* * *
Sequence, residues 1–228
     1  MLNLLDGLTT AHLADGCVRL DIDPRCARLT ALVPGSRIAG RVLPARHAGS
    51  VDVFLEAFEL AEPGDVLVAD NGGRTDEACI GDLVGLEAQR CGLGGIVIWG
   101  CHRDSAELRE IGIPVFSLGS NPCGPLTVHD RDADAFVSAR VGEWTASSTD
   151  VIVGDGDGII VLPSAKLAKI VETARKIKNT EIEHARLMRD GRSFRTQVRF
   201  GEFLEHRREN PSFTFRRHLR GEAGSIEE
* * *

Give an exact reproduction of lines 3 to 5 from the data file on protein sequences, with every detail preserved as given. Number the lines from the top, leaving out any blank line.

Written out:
    51  VDVFLEAFEL AEPGDVLVAD NGGRTDEACI GDLVGLEAQR CGLGGIVIWG
   101  CHRDSAELRE IGIPVFSLGS NPCGPLTVHD RDADAFVSAR VGEWTASSTD
   151  VIVGDGDGII VLPSAKLAKI VETARKIKNT EIEHARLMRD GRSFRTQVRF